These two threads run in parallel and when they get the line, will perform their task, after which they sleep (via nanosleep()). The gpio_reader() function executes about 100x faster than the writer.

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/*
**    Blinky under QEMU and libgpiod
*/

#include <stdio.h>
#include <stdlib.h>
#include <pthread.h>
#include <assert.h>
#include <gpiod.h>
#include <time.h>
 
#define CONSUMER "gpiod-lab"        /* this identifies the consumer */
#define NUM_THREADS 2               /* we have one writer and one reader */
#define NSPERIOD    200000000ULL    /* output period in ns */

pthread_mutex_t mutexline;          /* only reader or writer can access line */
 
/* create thread argument struct for thr_func() */
typedef struct _thread_data_t 
{
    int tid;
    struct gpiod_line *gpioline;
} thread_data_t;
 
/* high resolution time stamp */
double
gethrtime()
{
    int    r;
    int64_t    ts;
    struct timespec t;

    /* read the time stamp */
    r = clock_gettime(CLOCK_MONOTONIC, &t);
    ts = (int64_t)(t.tv_sec) * (int64_t)1000000000 + (int64_t)(t.tv_nsec);
    return ts / 1.0e9;
}

/*
**    Display edges 
*/
void
gpio_reader(struct gpiod_line *line)
{
    struct timespec timeout = { 0, NSPERIOD / 100ULL };
    struct timespec shortdelay = { 0, NSPERIOD / 100ULL };
    struct timespec rem;
    int    r, v;
    int    event = 0;

    for (;;)
    {
        /* get exclusive access to the line */
        pthread_mutex_lock (&mutexline);

        /* get line */
        if (r = gpiod_line_request_both_edges_events(line, CONSUMER))
            goto release;

        /* wait for an event */
        r = gpiod_line_event_wait(line, &timeout);
        if (r > 0)    /* success */
        {
            /* read the gpio pin value */
            v = gpiod_line_get_value(line);
            printf("Event %d: Pin=%d at t=%fs\n", ++event, v, gethrtime());
        }

        /* release the line */
    release:
        gpiod_line_release(line);
        pthread_mutex_unlock (&mutexline);
        nanosleep(&shortdelay, &rem);
    }
}

/*
**    Blink a number of times
*/
void
gpio_writer(struct gpiod_line *line)
{
    struct timespec delay = { 0, NSPERIOD / 2 };
    struct timespec rem;
    int    v = 0;
    int    r;

    for (int i = 0; i < 10; i++)
    {
        /* get exclusive access to the line */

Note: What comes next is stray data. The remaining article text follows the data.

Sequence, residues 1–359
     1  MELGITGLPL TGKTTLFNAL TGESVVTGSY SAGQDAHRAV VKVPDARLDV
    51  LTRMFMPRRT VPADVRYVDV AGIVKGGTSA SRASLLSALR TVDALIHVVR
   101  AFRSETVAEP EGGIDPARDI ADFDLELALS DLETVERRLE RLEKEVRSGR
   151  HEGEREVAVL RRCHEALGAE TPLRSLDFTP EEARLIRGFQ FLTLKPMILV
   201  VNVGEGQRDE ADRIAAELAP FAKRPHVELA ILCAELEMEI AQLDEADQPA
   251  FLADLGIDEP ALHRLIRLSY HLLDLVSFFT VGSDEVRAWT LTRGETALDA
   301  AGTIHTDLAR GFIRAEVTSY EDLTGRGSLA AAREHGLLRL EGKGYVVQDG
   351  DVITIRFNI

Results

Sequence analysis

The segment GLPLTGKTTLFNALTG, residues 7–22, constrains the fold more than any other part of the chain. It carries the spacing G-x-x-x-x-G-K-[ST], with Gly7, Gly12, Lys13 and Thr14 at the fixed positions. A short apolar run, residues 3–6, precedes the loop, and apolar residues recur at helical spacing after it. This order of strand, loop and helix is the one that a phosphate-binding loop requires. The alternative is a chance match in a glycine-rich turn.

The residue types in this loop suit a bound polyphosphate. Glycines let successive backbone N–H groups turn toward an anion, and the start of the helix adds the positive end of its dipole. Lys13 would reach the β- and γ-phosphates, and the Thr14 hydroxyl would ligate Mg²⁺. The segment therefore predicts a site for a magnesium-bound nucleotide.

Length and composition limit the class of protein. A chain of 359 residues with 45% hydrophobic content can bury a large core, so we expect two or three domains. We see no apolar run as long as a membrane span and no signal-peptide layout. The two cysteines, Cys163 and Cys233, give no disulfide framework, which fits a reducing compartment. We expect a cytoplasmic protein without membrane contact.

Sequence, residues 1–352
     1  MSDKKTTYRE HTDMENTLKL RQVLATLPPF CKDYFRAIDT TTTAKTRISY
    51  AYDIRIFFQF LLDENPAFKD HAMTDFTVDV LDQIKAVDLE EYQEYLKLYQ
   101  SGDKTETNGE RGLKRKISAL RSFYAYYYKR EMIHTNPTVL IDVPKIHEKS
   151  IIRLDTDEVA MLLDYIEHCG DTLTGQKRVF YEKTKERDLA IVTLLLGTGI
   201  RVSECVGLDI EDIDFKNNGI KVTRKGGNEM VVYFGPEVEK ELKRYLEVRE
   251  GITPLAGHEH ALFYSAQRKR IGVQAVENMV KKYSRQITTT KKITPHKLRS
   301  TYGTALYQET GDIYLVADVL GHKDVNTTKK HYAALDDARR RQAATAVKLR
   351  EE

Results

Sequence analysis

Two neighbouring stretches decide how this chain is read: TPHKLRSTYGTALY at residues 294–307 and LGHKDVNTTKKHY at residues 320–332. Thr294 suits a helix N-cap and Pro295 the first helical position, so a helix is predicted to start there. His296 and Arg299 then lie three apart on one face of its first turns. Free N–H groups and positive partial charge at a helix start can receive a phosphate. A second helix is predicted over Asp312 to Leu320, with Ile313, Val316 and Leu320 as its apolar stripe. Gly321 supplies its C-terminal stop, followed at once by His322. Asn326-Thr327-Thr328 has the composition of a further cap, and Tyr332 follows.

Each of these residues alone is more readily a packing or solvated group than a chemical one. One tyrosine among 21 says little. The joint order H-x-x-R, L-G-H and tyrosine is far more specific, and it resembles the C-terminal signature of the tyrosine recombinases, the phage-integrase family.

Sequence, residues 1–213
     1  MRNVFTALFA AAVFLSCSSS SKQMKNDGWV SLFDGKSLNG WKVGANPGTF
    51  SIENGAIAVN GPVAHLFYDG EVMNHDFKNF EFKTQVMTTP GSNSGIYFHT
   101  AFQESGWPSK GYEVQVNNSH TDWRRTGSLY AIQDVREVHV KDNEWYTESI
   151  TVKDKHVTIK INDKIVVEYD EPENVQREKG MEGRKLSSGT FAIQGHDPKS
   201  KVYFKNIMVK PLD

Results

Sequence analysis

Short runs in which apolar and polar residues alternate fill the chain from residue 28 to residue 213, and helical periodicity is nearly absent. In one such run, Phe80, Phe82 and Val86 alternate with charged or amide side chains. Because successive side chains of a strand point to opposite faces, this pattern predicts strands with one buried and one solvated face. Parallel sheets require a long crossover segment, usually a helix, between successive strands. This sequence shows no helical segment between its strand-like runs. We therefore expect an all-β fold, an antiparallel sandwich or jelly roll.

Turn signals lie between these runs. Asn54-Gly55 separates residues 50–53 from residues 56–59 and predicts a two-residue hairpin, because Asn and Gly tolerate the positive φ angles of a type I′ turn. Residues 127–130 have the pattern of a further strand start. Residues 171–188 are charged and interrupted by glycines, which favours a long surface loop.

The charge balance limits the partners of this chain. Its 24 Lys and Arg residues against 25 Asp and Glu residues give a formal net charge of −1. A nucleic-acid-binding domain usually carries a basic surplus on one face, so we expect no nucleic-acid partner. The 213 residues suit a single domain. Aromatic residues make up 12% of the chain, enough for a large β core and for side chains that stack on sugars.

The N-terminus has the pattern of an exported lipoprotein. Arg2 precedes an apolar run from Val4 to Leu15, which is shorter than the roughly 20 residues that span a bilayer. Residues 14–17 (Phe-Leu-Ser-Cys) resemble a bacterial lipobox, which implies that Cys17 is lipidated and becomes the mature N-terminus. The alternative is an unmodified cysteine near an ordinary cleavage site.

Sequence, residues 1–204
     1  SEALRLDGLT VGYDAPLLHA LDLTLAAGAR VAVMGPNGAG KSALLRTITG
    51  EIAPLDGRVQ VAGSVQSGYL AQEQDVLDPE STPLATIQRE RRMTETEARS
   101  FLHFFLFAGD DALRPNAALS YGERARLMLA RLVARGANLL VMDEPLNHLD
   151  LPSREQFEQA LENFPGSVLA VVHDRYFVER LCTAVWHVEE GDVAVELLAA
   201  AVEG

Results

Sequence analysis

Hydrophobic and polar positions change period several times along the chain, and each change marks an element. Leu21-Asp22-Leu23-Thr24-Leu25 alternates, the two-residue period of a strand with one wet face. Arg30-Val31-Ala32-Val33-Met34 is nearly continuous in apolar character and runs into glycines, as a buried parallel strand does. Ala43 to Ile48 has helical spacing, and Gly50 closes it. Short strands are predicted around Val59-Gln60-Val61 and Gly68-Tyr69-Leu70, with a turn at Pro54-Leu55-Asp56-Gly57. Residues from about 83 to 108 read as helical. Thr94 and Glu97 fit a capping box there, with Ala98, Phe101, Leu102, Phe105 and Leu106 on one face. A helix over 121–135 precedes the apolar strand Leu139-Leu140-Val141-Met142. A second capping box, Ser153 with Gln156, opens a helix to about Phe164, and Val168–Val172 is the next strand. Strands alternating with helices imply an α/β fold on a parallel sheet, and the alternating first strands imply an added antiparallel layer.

pthread_mutex_lock (&mutexline);
        /* config as output and set a description */
        if (r = gpiod_line_request_output(line, CONSUMER, v))
            goto release;

        /* toggle output */
        v = !v;
        gpiod_line_set_value(line, v);

        /* release line */
    release:
        gpiod_line_release(line);
        pthread_mutex_unlock (&mutexline);
        nanosleep(&delay, &rem);
    }
}

/* 
**    Create pthreads - the thread created will either be a reader or writer 
*/
void *thr_func(void *arg) {
    thread_data_t *data = (thread_data_t *)arg;
 
    switch(data->tid) 
    {
        case 0: /* writer */
            gpio_writer(data->gpioline);
            break;
        default: /* reader */
            gpio_reader(data->gpioline);
            break;
    }
 
    pthread_exit(NULL);
}
 
int 
main(int argc, char **argv) 
{
    pthread_t thr[NUM_THREADS];
    pthread_attr_t attr;
    int i, r;
    /* create a thread_data_t argument array */
    thread_data_t thr_data[NUM_THREADS];

    /* gpio structures */
    struct gpiod_chip *output_chip;
    struct gpiod_line *output_line;

    /* open /dev/gpiochip0 */
    output_chip = gpiod_chip_open_by_number(0);
    
    /* work on pin 3 */
    output_line = gpiod_chip_get_line(output_chip, 3);

    /* create threads */
    pthread_mutex_init(&mutexline, NULL);
    for (i = 0; i < NUM_THREADS; ++i) 
    {
        thr_data[i].tid = i;
        thr_data[i].gpioline = output_line;
        assert(pthread_create(&thr[i], NULL, thr_func, &thr_data[i]) == 0);
    }
    /* block until thread 0 completes */
    pthread_join(thr[0], NULL);
    fflush(stdout);
 
    return EXIT_SUCCESS;
}

If the C program is written to ~/src/teaching/labs/lab2/gpio.c, it can be compiled using:

phwl@bream:~/elec3607/labs/lab2$ H=~/src/teaching/
phwl@bream:~/elec3607/labs/lab2$ $H/buildroot/output/host/bin/aarch64-buildroot-linux-uclibc-gcc -o gpio gpio.c -lgpiod -lpthread

When executed under QEMU (it needs to first be transferred to the guest via ssh), you will see:

# scp phwl@10.0.2.2:src/teaching/labs/lab2/gpio .
phwl@10.0.2.2's password: 
# ./gpio
Event 1: Pin=1 at t=19925.878483s
Event 2: Pin=0 at t=19925.978926s
Event 3: Pin=1 at t=19926.077777s
Event 4: Pin=0 at t=19926.179461s
Event 5: Pin=1 at t=19926.277994s
Event 6: Pin=0 at t=19926.381006s
Event 7: Pin=1 at t=19926.479734s
Event 8: Pin=0 at t=19926.582780s
Event 9: Pin=1 at t=19926.681464s
Event 10: Pin=0 at t=19926.784994s